Texas Tech’s second-team offensive line — a big question mark — currently consists of left tackle Madison Akamnonu, left guard Emeka Okafor, center Tony Morales, right guard Robert Castaneda and right tackle Terence Steele, line coach Lee Hays said Wednesday.
Akamnonu and Steele are true freshman. Castaneda’s a redshirt freshman, Okafor a graduate transfer from Houston and Morales a fifth-year senior who’s never played because of injuries.
Texas Tech coach Kliff Kingsbury on Wednesday singled out flanker Dylan Cantrell and noseguard Rika Levi as early standouts in preseason drills.
Cantrell’s been vying with fellow junior Reginald Davis for the starting flanker job.
“He was solid last year,” Kingsbury said, “but he’s really taken that next step and made a ton of big plays. We’ve been very pleased with him.”
The 6-foot-2 Levi has dropped his weight to the current 325 pounds — 75 less than what he once weighed in junior college and down from the 348 to 350 at which he played last season.
Texas Tech’s pre-practice team meeting on Wednesday turned out to be anything but routine for Talor Nunez.
The sophomore defensive lineman from Midland Lee was told in front of the team he’d been placed on scholarship. Tech coach Kliff Kingsbury highlighted top classroom performers from the summer II session, then showed a practice clip of Nunez.
“He was just pointing out positive things,” Nunez said, “and out of nowhere — it was kind of like a left hook — he said, ‘And on top of that, you’re on scholarship.’”
Defensive tackle Josh Outlaw is wearing No. 2 during Texas Tech's preseason practice, which started Thursday.
That's a switch from the No. 58 that Outlaw wore during his first two years in the program. He's a 6-foot-4, 309-pound sophomore from Lithonia, Georgia, Martin Luther King.
Tech has four defensive linemen suiting up in single digits, the others being freshman tackle Breiden Fehoko (No. 4), sophomore defensive end Gary Moore (No. 5) and senior defensive end Branden Jackson (No. 9).
Two years ago, Texas Tech coaches compared defensive end Gary Moore’s build to that of Branden Jackson, the player he trains behind. Jackson’s grown to 6-foot-4 and 272 pounds whereas Moore, at 6-5, remains slim.
“Last time I heard, he was at 230, which for him is like 300,” defensive coordinator David Gibbs said.
Someone might call Moore skinny.
“He is,” Gibbs said, “but he is a tough, strong skinny dude.”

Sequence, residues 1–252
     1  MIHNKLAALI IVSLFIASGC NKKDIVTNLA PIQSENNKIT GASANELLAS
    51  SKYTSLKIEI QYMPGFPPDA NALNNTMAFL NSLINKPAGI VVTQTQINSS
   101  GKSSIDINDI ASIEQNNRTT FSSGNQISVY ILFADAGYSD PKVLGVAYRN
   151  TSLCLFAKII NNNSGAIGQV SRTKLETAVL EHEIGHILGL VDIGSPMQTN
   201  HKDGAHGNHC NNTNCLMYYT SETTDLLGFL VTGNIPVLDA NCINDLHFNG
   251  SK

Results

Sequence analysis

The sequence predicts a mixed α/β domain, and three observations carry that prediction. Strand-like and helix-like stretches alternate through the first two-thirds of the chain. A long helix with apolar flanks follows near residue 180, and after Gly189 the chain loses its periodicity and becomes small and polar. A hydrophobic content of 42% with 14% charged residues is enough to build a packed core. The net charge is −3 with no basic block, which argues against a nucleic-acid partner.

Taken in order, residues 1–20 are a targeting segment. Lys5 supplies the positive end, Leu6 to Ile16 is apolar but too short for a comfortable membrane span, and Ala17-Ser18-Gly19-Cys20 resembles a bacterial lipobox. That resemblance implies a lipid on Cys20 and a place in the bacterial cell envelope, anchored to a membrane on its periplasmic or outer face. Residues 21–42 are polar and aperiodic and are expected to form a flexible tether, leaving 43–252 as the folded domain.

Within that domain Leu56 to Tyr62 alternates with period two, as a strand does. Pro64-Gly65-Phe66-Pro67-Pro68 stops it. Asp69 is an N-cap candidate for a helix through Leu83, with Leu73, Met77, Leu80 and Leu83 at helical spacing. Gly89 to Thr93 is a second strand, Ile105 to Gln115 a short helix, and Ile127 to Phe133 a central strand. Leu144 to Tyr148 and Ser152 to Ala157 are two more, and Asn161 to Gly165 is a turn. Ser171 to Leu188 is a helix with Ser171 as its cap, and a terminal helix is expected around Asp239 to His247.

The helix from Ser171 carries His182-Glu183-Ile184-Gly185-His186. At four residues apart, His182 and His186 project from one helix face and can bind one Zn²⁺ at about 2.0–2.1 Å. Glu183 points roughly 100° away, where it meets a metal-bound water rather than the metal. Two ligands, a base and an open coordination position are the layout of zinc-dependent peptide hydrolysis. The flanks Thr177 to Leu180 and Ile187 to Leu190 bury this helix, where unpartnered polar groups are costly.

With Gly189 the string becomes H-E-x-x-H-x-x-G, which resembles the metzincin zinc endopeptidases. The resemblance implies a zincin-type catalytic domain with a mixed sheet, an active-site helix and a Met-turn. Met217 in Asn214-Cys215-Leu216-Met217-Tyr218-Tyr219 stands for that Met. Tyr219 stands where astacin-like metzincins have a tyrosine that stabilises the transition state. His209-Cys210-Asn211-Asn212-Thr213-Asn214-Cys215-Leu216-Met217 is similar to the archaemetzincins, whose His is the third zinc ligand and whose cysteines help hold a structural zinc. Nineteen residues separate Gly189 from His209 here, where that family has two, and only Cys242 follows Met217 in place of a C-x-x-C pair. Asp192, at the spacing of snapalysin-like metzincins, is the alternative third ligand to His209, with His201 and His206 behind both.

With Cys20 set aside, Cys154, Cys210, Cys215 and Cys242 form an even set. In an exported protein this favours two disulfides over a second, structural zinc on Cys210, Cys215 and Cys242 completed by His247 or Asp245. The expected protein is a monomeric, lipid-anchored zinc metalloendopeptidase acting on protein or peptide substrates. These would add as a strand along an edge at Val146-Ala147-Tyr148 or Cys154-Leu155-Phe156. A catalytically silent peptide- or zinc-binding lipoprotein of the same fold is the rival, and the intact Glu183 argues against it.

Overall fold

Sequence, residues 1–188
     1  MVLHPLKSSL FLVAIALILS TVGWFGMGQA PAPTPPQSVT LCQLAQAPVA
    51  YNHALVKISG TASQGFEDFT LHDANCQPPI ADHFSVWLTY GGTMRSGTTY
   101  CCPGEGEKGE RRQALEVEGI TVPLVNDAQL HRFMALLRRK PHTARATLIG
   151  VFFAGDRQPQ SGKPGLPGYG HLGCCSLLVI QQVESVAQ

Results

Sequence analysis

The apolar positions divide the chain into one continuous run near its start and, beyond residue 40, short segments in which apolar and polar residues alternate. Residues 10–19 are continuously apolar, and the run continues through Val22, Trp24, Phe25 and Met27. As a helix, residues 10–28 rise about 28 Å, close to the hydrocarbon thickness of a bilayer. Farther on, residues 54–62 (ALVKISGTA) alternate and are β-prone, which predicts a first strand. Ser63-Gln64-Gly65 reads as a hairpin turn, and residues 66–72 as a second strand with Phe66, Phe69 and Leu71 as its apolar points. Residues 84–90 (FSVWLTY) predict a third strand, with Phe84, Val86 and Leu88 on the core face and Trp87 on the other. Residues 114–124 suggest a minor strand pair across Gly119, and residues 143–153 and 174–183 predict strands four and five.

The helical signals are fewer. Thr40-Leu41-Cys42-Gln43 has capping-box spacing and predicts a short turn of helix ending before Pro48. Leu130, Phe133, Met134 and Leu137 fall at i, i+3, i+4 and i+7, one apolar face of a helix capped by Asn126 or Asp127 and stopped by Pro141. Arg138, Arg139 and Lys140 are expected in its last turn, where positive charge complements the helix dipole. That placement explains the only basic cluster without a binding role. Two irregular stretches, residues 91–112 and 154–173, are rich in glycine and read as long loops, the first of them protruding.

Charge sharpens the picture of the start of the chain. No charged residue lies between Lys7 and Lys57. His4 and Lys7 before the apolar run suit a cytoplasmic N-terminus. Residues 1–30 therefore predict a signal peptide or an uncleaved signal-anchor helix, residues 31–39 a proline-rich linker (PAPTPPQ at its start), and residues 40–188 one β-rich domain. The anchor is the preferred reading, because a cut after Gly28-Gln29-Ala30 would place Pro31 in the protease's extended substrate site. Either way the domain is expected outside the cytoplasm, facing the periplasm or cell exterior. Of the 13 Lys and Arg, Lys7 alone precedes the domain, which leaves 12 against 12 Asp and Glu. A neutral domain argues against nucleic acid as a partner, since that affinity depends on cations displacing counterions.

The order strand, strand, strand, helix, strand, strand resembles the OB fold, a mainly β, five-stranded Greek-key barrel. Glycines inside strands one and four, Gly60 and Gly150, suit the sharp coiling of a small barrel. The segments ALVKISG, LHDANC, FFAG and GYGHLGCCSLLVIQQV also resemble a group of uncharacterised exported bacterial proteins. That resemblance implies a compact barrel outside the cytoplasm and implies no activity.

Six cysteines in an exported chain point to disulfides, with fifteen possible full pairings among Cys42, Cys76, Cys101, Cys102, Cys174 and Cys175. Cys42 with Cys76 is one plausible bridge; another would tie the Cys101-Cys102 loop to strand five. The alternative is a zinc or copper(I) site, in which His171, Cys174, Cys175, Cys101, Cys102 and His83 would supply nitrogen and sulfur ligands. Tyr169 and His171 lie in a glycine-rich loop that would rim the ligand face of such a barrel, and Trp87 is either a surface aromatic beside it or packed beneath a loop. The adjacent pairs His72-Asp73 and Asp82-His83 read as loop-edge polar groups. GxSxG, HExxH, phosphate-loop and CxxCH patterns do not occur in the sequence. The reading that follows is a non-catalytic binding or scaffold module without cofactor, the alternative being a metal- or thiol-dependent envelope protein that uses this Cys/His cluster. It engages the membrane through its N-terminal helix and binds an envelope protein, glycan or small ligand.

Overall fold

Moore played in 11 games as a redshirt freshman, on special teams and pass-rush packages. He was credited with seven tackles.
When Texas Tech signed five offensive linemen in February, line coach Lee Hays thought Terence Steele, being young for his class, might need the most time to develop.
He made a good first impression, though.
“I projected him to be a little bit behind, but that hasn’t been the case,” Hays said. “And his work ethic has been unbelievable. The o-line, to a man, when I asked who got the ooey gooey pie or the ooey gooey cake as hardest-working freshman at the end of the summer, they all pointed to him.”
Andre Ross has spent as much time on the sidelines as he has on the football field during his first two years at Texas Tech, derailing his bid to be a pass-rush contributor.
The senior from Calvert is running out of time, but feels prepared to make up for the lost time.
“I feel pretty healthy and strong, ready to go now,” Ross said.
Tech starts preseason practice on Thursday. Ross will compete with sophomore Gary Moore for backup snaps at defensive end behind Branden Jackson.
Texas Tech offensive lineman Poet Thomas has been moved to guard after spending his first two years in the program at tackle. That takes him out of the mix for the right tackle job.
The 6-foot-6, 325-pound sophomore from Beverly Hills, Michigan, could offer more bulk inside, a la James Polk, a 2014 senior who played both guard and tackle.
“He gives us a little bit more meat inside, where maybe we can push some people around,” line coach Lee Hays said.
Texas Tech wide receiver Reginald Davis said a suspension could be in the cards in the wake of his May 5 arrest.
“From what I’ve heard, I may miss the first half of the Sam Houston State game,” Davis said Tuesday, referring to the season opener. “It just made me look at life from a different angle. I should be grateful for everything I have.”
Among Texas Tech’s freshman receivers, Donta Thompson and Tony Brown are slotted to play split end – “X” in Tech’s vernacular – Keke Coutee and Quan Shorts will start out at H inside receiver and Jonathan Giles will train at Y inside receiver.
That’s the plan, coach Kliff Kingsbury said, for when the Red Raiders start practice Aug. 5.
Thompson, who was 6-foot-3 and 193 pounds when he reported this summer, could play inside or outside.